The Muslims rallied in their thousands of thousands to support the demand and the resultant movement for Pakistan. Thus, this movement was not an ordinary movement. Nor was it a movement started in a fit of anger or in a flurry of excitement. It was a well-founded movement, based on religion, culture, history, and political aspirations, all formulating Muslim nationhood, and sought a separate homeland of Pakistan for the Muslims to enable them to live their lives in their own way with freedom, power, and security. The sense of urgency was of course provided by the distressful situation of Muslim India which, in turn, was both a cause and consequence of a host of factors affecting the Muslim politics in India in general and the Muslims in particular. The purpose of this chapter indeed is to highlight all those factors. How did the movement for Pakistan start? What was its rationale? Why did the Muslims who had lived with the Hindus for centuries in India felt compelled to charter their own separate course, leading ultimately to the creation of a separate state of Pakistan? Who were the principal leaders of the Muslims? How did they struggle to protect and secure Muslim interests in India before they got convinced that the only way they could save the Muslims from their present predicament was to have their own separate state of Pakistan? What was the Hindu majority community’s attitude towards the Muslims and their particular interests? How did the system of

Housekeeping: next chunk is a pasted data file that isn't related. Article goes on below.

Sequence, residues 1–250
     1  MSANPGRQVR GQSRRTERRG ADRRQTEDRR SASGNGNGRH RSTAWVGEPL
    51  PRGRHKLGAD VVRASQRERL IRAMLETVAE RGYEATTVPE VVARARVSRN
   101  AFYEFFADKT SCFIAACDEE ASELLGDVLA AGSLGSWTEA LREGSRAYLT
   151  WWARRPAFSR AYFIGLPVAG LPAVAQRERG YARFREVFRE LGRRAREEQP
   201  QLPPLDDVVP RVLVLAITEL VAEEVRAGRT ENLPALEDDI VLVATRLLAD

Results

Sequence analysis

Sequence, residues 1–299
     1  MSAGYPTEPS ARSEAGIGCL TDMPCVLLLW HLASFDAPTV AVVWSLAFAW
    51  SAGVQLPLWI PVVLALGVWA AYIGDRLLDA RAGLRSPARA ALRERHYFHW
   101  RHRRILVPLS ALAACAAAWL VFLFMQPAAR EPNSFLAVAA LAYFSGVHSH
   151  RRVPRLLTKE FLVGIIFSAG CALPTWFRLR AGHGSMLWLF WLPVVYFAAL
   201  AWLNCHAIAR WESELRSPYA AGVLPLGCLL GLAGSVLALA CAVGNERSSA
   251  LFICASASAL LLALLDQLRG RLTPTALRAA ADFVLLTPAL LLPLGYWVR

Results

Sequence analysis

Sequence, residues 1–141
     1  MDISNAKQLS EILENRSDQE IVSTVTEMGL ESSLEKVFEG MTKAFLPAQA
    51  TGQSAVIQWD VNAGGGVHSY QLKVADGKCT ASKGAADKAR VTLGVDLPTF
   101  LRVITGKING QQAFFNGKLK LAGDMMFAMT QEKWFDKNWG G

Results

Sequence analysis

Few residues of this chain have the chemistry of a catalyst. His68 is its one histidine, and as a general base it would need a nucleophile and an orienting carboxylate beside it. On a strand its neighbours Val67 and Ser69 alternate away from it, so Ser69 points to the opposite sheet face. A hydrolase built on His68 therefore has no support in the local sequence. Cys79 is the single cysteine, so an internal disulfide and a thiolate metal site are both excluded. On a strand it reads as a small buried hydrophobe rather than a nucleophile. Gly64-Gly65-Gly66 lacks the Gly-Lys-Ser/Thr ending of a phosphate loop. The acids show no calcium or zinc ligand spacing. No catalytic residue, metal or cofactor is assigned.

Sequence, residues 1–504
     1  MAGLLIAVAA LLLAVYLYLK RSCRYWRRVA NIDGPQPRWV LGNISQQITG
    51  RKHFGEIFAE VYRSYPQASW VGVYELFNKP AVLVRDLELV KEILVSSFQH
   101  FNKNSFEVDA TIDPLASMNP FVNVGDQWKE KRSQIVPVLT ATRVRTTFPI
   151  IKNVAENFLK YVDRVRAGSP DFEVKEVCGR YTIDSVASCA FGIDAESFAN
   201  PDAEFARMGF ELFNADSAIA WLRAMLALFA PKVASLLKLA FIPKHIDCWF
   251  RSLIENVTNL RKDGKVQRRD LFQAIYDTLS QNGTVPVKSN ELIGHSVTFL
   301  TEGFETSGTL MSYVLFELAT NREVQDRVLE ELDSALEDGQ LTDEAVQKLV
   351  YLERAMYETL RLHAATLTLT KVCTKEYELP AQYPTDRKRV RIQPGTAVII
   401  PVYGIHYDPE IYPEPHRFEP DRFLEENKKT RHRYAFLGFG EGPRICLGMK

representative government introduced by the British in India affect the Muslim interests? How did the Muslims respond to it, and how did the system ultimately fail to satisfy their demands and interests? How did Jinnah and Allama Muhammad Iqbal break from ‘Indian nationalism’ and emerge as the fiercest champions of Muslim nationalism? How did Jinnah mobilize and organize the Muslims under the banner of the Muslims League? How did he finally wrest the initiative from the British (and the Hindus) and force them to concede Pakistan if they did not wish to leave India in a civil war and bloodshed? These, and many related issues are the subject matter of discussion here. The historical setting is provided by the cataclysmic events of 1857 affirming the fall of Mughal Empire and ascendancy of the British rule in India. The Muslims found themselves in a very difficult situation. The defeat in the ‘War of Independence’ made them villains. The British came to regard them as their arch enemies, who had converted a “sepoy mutiny” into a “political conspiracy aimed at the extinction of the British Raj”. Substitution of English for Persian and Western education for traditional learning deprived them of their positions of influence and authority in the country. The doors of civil and military services were closed to them. The British indeed put a seal on the decline of the Muslims in all walks of life. To compound their difficulties, Hindu-Muslim relations had touched their lowest ebb. Religio-cultural differences together with communal distinctions on the one hand contending with an instinct for communal separateness nurtured by centuries of contact and conflict on the other, had left the two communities completely alienated from each other. Different responses of the Hindus and the Muslims to the British rule politically, socially and economically, in fact, went on to affect radically the final outcome of events in India’s modern history. While the Hindus welcomed the change of ‘masters’, and reconciled themselves with the